Kansas Speech-Language Pathologist Licensure Guide - 2024

AKA: Kansas Speech Therapy Licensure

Speech Pathologist Programs

by Speech Pathologist Programs Staff

Updated: March 19th, 2024

Communication is essential to our existence as human beings. We need to make our needs and desires known, as well as comprehend others and what they require from us. When there is a communication barrier, it can lead to a host of problems and misunderstandings. Unfortunately, there are numerous communication issues stemming from physical conditions that make it difficult for those afflicted to use speech and language effectively.

Speech-Language Pathology is the field of study that delves into these conditions, and its students are dedicated to correcting speech-language disorders. As a Speech-Language Pathologist (SLP), you will greatly impact your patients’ lives. Communication is a key component of our interactions, and giving someone the tools and resources to thrive despite their condition is extremely fulfilling.

Enrolling in an SPL program means learning to conduct research and assess and treat patients. You’ll also begin to learn of the different specialty areas of speech pathology and start your journey in a career you find satisfying. Choose to work with children, older adults, or another population you are passionate about helping.

SPLs can be found in various environments, including schools, elder care facilities, hospitals, and private practices. They are heroes to those parents with children struggling with literacy difficulties and saviors to families with parents or grandparents recovering after a stroke. You can also find SPLs in classrooms teaching potential colleagues the techniques, concepts, and methodologies needed to treat clients successfully.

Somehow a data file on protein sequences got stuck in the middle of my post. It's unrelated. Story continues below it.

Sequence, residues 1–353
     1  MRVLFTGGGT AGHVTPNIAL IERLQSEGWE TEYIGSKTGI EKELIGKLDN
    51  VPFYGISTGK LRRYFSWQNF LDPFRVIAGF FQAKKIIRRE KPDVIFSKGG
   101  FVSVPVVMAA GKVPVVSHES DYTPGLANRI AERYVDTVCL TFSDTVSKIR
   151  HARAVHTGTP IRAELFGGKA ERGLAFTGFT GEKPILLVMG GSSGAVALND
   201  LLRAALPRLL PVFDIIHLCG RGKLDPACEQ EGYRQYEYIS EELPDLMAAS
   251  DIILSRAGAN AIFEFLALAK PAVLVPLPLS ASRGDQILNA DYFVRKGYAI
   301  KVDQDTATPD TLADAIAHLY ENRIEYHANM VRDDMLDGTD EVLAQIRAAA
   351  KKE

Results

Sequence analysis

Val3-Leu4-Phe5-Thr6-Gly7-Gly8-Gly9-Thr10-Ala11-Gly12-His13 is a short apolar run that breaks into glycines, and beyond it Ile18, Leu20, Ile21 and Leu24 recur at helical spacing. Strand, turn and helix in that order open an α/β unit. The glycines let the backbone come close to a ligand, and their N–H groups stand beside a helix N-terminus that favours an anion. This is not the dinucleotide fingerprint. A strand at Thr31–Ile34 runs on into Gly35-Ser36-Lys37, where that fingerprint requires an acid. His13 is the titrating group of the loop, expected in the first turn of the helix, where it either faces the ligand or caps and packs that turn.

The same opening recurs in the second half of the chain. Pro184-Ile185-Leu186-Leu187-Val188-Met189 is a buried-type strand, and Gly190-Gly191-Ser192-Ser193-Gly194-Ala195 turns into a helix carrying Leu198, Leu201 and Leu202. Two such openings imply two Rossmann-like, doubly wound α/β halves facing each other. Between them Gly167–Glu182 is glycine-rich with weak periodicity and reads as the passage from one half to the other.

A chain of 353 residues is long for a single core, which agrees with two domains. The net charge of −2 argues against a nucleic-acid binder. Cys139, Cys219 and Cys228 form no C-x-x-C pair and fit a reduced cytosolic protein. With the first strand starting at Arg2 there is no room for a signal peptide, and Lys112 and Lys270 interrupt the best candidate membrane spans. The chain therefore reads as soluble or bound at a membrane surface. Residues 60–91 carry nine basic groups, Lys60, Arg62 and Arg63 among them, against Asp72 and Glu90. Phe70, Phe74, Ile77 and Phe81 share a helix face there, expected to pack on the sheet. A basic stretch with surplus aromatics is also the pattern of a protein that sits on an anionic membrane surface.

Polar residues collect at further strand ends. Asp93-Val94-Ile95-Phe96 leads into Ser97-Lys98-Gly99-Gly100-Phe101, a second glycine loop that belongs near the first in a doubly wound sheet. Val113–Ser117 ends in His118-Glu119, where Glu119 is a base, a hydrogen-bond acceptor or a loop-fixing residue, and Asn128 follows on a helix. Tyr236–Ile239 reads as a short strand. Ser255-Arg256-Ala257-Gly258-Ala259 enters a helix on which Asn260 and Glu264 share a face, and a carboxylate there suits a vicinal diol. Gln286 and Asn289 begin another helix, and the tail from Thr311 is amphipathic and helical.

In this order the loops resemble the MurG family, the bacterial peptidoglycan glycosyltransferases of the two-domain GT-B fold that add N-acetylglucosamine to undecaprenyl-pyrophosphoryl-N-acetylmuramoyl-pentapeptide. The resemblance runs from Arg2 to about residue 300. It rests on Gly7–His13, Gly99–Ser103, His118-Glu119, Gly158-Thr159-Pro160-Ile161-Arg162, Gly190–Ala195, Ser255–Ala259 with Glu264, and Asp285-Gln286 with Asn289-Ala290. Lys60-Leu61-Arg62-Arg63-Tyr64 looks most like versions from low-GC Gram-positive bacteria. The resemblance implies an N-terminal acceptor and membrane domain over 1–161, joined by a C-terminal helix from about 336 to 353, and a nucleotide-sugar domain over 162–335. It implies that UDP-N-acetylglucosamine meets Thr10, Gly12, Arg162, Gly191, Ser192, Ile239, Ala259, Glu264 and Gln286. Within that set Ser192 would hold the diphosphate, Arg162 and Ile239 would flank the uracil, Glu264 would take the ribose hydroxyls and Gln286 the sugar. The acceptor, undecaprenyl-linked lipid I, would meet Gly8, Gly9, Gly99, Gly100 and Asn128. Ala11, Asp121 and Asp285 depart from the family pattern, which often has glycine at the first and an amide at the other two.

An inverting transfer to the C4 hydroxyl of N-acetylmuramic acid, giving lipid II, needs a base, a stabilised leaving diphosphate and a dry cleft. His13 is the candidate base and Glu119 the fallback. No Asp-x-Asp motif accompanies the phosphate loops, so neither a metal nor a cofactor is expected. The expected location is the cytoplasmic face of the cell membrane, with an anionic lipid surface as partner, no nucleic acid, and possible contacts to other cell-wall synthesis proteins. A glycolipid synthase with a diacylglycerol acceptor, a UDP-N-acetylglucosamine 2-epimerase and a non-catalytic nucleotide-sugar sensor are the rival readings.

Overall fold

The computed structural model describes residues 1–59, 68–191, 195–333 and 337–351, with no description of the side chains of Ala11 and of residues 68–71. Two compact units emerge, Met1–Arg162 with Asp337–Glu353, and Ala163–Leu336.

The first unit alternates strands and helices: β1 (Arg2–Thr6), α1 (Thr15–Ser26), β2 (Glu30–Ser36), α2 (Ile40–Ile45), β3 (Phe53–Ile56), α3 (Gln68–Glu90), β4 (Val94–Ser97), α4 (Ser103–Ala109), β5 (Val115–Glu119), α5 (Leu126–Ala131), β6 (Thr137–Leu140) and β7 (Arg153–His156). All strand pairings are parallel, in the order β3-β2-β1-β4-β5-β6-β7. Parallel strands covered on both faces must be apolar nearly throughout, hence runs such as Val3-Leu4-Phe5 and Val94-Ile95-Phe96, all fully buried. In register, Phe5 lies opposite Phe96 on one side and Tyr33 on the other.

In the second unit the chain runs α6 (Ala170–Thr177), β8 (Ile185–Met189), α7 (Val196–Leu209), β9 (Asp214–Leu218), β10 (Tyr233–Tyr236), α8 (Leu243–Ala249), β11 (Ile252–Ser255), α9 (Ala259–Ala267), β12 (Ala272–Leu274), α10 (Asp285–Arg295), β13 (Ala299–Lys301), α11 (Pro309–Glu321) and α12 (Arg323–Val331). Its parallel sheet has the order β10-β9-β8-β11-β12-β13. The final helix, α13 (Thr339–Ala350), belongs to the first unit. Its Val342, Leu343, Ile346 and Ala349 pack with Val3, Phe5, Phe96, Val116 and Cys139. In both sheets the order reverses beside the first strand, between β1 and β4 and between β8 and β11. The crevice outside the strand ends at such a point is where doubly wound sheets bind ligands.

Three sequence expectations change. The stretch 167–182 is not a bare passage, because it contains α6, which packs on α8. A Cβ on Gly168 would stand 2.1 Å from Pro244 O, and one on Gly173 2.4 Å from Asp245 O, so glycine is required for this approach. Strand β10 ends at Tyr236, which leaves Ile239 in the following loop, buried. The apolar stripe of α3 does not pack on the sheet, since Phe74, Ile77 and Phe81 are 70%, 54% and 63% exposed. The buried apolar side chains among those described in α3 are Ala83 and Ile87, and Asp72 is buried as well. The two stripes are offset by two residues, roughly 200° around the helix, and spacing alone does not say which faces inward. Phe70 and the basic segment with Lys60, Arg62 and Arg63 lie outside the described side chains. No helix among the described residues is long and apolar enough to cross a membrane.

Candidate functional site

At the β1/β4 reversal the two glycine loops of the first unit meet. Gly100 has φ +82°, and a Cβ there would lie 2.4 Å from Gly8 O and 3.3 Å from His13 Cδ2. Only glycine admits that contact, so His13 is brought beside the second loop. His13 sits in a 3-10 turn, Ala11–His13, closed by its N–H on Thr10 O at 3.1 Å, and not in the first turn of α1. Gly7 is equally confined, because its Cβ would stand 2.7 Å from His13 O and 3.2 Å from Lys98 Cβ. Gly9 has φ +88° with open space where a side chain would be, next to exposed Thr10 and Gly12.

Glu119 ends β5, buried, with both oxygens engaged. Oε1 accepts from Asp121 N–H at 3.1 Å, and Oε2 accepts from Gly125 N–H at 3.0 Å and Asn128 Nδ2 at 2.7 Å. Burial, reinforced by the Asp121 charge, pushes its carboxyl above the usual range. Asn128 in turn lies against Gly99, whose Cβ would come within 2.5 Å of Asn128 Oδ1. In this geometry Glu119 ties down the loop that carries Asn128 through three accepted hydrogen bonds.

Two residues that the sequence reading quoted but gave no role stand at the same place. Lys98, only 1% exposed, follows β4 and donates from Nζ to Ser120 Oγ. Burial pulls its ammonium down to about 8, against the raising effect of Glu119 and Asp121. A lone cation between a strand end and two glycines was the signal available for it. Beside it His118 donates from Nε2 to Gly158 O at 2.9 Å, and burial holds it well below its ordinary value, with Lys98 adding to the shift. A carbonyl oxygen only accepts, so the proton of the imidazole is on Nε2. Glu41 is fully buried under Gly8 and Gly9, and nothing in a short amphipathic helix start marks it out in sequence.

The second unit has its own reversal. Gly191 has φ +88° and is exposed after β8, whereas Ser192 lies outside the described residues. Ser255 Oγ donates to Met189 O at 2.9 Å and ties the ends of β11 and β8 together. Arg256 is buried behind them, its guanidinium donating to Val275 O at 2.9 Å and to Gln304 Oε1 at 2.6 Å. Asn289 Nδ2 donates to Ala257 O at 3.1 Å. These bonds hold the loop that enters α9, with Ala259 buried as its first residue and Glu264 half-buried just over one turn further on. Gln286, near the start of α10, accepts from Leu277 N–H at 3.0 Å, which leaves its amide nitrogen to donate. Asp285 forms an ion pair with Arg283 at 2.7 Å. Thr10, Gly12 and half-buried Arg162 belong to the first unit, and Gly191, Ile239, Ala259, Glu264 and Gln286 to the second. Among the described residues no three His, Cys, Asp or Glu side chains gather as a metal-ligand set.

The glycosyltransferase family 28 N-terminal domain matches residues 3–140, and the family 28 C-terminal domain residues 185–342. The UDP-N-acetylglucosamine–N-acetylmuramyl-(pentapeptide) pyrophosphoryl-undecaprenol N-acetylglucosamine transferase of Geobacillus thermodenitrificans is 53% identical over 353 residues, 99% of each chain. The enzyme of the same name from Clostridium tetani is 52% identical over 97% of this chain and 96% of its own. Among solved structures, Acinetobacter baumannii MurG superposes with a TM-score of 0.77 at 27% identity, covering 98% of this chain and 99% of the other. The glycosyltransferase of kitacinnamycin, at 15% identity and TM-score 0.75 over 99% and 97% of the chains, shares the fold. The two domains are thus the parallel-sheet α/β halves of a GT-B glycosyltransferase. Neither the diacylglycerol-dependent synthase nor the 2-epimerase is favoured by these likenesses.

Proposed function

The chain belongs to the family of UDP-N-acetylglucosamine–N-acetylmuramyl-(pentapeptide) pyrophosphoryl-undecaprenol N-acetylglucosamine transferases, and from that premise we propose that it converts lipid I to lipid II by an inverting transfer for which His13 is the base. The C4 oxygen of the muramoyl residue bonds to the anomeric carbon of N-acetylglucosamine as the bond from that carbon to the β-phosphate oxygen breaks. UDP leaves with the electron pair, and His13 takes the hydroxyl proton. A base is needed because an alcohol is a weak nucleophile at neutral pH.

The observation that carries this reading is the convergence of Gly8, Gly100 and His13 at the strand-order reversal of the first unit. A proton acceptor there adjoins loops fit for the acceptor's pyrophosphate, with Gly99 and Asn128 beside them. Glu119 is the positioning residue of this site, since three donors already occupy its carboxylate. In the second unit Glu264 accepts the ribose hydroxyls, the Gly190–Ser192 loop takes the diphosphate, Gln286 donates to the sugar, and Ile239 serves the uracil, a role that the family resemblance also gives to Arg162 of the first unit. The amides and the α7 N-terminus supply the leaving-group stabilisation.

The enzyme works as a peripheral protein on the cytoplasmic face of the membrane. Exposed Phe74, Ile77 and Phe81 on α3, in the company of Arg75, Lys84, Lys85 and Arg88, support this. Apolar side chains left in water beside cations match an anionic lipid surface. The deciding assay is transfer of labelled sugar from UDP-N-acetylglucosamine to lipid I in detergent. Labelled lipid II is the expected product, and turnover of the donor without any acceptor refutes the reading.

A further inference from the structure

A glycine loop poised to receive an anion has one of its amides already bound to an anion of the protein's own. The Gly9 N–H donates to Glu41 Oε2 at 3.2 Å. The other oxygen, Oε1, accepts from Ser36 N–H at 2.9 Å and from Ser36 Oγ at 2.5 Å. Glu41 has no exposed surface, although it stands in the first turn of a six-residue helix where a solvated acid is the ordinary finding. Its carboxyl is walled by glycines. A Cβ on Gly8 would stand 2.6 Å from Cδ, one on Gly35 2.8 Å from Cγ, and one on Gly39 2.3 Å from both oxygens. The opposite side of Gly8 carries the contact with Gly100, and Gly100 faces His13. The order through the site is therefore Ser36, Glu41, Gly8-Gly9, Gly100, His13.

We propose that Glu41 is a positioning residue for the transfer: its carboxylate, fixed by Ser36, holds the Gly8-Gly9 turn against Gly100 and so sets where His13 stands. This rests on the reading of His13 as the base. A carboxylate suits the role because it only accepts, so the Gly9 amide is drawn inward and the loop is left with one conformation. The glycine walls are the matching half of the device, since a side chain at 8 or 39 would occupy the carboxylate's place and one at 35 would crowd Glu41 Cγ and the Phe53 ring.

Now is a great time to become a fully licensed SPL in Kansas, as the salary 10%-90% range is between $50,300 and $50,300 (Bureau of Labor Statistics - 2022), with the average salary coming in at an estimated $78,710.

So, if you desire to assist others in improving their position in life, have a love for language, and how we communicate, and have the patience and empathy to work with people from all walks of life, Speech-Language Pathology may be the right field for you. If you’re unsure, we’ll help you finalize your decision in this article by explaining the application process, educational requirements, and other information pertinent to the licensing procedure.

Kansas Initial Speech Pathology Licensure Process

Speech-Language Pathologist licenses granted in Kansas are issued by the Kansas Department of Aging and Disability Services (KDADS) and renewed biennially. Find more information regarding the statutes and regulations on the Department’s website.

Education Requirements

A master’s degree in speech pathology, or equivalent, is required for licensure in Kansas. The program’s curriculum you obtained the degree from needs to be accredited by the American Speech-Language-Hearing Association (ASHA) or considered equal to the course content taught in Kansas universities.

If ASHA did not accredit the program, applicants must have the courses taken evaluated by a Kansas college or university’s speech-language pathology department and prove they have completed coursework that includes the following subjects: